Dec 24, 2023
Ellis E. Fowler
John F. Thomas and Ellis E. Fowler
Ellis E. Fowler, Omari Washington, Zaria Simone, John F. Thomas
Stop me if you’ve heard this one before. At some point in the future, at least we must assume it’s the future as there’s no introductory information to help ease the viewer into the scenario leaving us to glean whatever information we can from the rather substandard dialogue, an all powerful military AI named Arch-One has gone rogue and has mobilised its robot army to seek out and destroy mankind. The robots, which are audibly described as drones, are connected to a hive-mind and Arch-One by a wireless link and this link needs to be severed if our plucky heroes are to stand any chance of getting out of the situation alive.
What situation is that? I hear you cry – but to be honest it’s not exactly clear. The four supposed soldiers we’re following are busy crouching down in an office in an undesignated building for, as far as we are told, absolutely no reason. They talk about how they might get out of the situation and hint badly through perfunctory dialogue about what might happen to them if they don’t. During this really bad scripting we are also introduced to Capt. David (who does have a last name, it’s just never mentioned), a Captain apparently only by designation. Nobody has any military gear on, there’s no rank, symbols or insignia to identify them as soldiers and frankly it seems like there’s not been a day of military training experienced by any of the four of them. It’s literally just three dudes and a girl hiding behind a desk.
So, with all of this assumed set-up you’d think that it might be time to get into the scenario proper, maybe with a little bit of backstory or perhaps some expository information to help deepen the world that we are now exploring. But you’d need to think again. Instead what happens is that two of the characters start having a domestic right in the middle of the mission, apparently out of nowhere, and start having it out over past difficulties in their now ended relationship. As Erik (Washington) and Britney (Simone) keep arguing and begin shouting at each other, Justin (Thomas) then sticks his oar in as Britney’s new squeeze and the heightened argument just gets louder and bigger as the men stand up and face-off against one another. Just remind me – these are supposed to be a crack team of soldiers in a military organisation, right?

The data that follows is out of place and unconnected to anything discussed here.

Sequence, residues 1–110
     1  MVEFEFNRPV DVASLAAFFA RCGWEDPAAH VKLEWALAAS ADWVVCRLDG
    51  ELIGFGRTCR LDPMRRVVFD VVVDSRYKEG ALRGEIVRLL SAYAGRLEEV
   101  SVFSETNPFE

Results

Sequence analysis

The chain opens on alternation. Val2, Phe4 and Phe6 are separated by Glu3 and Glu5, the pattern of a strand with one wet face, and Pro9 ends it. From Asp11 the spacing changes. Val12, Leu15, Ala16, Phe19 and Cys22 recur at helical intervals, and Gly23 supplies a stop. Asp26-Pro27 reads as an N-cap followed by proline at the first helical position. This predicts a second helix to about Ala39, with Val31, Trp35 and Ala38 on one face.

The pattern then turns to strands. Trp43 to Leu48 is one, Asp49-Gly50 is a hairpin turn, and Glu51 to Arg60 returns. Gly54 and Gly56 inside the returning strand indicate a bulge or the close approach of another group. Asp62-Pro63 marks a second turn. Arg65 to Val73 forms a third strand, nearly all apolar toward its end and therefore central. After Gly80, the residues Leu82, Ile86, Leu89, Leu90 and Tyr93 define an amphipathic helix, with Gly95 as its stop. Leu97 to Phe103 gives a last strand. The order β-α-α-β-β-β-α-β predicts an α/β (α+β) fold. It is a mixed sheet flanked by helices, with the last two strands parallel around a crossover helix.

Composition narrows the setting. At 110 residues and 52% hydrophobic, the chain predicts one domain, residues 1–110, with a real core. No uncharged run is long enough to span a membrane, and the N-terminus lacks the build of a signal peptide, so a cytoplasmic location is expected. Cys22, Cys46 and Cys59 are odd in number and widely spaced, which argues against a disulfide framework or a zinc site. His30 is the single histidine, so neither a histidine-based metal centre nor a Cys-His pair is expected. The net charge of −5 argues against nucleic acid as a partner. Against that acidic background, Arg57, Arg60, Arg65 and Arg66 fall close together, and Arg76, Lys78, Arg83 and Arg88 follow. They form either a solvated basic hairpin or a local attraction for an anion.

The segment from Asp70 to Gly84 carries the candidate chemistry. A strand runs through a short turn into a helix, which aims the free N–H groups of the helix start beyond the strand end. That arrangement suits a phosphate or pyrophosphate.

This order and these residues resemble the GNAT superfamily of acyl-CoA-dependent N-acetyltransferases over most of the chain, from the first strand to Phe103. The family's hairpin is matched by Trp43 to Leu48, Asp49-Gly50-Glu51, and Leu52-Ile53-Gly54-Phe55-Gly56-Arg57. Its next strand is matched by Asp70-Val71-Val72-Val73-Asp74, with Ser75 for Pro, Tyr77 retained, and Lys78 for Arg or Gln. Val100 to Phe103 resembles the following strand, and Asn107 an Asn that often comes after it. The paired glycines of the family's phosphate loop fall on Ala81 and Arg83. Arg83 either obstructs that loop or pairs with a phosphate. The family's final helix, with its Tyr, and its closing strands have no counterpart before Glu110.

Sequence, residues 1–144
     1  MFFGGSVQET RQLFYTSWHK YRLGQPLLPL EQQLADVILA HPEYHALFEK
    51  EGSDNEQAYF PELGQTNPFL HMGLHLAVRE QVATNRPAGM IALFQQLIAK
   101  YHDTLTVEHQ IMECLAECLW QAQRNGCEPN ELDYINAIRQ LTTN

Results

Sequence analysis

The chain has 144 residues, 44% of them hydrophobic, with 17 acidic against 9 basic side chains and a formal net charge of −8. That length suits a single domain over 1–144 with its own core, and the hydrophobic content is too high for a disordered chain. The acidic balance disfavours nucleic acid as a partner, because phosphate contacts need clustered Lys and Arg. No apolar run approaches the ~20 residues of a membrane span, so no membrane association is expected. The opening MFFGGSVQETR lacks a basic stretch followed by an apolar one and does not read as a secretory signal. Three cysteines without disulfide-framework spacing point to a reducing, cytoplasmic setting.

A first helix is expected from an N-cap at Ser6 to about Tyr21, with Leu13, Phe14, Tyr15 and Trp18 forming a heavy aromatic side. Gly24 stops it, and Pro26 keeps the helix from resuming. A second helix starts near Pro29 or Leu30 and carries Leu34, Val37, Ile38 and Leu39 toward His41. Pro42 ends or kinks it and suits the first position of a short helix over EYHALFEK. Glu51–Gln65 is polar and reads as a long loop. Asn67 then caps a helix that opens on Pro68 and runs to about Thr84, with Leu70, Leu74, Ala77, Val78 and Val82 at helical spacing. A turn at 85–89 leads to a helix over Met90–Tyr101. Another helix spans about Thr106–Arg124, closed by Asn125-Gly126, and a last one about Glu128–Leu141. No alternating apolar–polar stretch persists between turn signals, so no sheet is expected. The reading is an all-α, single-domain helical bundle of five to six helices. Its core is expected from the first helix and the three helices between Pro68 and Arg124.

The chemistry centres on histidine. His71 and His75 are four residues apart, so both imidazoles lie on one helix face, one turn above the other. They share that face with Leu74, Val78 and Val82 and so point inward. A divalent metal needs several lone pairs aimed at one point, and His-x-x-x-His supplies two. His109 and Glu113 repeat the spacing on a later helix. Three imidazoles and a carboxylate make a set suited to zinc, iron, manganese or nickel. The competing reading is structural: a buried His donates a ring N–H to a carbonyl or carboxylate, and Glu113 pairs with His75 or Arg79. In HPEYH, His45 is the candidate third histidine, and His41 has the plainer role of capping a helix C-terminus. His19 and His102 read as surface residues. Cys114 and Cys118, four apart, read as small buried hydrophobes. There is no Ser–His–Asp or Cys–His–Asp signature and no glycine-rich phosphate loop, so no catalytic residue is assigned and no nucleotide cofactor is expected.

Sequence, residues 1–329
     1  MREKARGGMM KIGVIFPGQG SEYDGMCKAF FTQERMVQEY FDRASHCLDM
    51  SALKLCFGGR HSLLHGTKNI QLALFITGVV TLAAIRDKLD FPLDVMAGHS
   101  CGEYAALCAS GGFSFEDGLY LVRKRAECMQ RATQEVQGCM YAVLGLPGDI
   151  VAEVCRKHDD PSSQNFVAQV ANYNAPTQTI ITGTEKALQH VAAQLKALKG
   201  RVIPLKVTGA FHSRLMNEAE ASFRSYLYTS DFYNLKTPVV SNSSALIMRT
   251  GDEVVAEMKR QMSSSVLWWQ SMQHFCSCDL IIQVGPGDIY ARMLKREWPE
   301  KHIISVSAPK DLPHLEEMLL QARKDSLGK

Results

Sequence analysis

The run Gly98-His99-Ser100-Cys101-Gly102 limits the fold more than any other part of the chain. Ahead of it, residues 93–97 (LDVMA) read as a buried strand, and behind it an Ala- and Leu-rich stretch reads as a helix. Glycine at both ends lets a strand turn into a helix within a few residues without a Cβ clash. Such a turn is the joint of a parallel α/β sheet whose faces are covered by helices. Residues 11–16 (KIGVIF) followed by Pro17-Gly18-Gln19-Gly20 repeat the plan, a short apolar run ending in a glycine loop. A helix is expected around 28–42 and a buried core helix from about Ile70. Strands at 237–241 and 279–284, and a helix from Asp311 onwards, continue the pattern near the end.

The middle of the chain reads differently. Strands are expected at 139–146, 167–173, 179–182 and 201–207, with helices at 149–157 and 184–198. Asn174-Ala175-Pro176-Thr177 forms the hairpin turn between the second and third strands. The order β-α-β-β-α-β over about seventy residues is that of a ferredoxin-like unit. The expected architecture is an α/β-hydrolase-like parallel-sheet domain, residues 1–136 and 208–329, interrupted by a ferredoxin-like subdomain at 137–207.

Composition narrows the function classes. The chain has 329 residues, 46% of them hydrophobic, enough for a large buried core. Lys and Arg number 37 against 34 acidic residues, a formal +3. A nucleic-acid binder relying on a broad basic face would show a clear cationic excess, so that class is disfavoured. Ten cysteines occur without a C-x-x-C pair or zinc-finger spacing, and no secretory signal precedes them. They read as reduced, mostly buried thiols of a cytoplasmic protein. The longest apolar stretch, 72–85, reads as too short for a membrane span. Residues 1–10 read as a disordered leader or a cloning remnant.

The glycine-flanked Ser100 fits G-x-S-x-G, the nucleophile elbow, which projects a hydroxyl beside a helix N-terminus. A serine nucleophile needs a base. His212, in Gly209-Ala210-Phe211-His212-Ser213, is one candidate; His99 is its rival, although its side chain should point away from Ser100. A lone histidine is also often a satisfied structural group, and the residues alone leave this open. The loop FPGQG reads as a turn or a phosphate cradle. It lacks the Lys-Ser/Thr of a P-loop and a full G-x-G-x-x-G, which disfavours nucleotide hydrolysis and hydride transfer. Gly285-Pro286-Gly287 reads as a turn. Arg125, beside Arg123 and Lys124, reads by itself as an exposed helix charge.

While the relationship thread takes over the entire middle half of the film and any actual plotting is sidelined into the peripheries, Capt. David (Fowler) just lets them have at it, only coming in to quieten things down when the rather ineffectual robots get too close with their infra-red eyes. Apparently they don’t have good audio receptors to pick up on the shouting even though they explicitly verbally communicate with one another. When the overarching plot does eventually kick back in all interest and integrity in the short film has been lost as everything we’ve seen and heard up to now has been completely farcical.
Helming the entire operation of Emotical and giving himself a starring role as Capt. David is Ellis E. Fowler. He wrote and produced this project along with John F. Thomas (who plays Justin) and also took on the roles of editing, visual effects and producing some of the music. With all of this, Fowler likes to credit himself as a ‘creative polymath’ although he’s really stretching things a bit there as he shows a bare minimum competence in any of the roles he takes on, especially script writer and story editor, let alone showing that he can excel at any of them. The direction is serviceable and the visual effects useful, if a little easy to come by, but the rest of the production is invariably amateurish and only serves to furnish a bad story with a less than adequate mode of presentation.
In the end there is one line about getting ‘those codes to headquarters’, which I suppose will have to do in terms of plotting and motivation for this nine-minute piece, but nothing really makes sense in Emotical and there’s not an awful lot of skill or intent to help the audience engage. If you’re a veteran of the Syfy channel and are used to badly written science fiction then Emotical might give you nine-minutes of diversion from your life but for everyone else this is definitely one to avoid.